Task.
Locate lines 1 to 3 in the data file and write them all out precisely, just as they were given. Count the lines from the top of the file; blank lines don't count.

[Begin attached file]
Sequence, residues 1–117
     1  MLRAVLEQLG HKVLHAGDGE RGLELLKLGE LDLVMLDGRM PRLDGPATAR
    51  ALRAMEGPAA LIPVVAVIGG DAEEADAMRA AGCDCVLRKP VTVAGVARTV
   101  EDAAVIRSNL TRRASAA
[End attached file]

Sequence, residues 1–117
     1  MLRAVLEQLG HKVLHAGDGE RGLELLKLGE LDLVMLDGRM PRLDGPATAR
    51  ALRAMEGPAA LIPVVAVIGG DAEEADAMRA AGCDCVLRKP VTVAGVARTV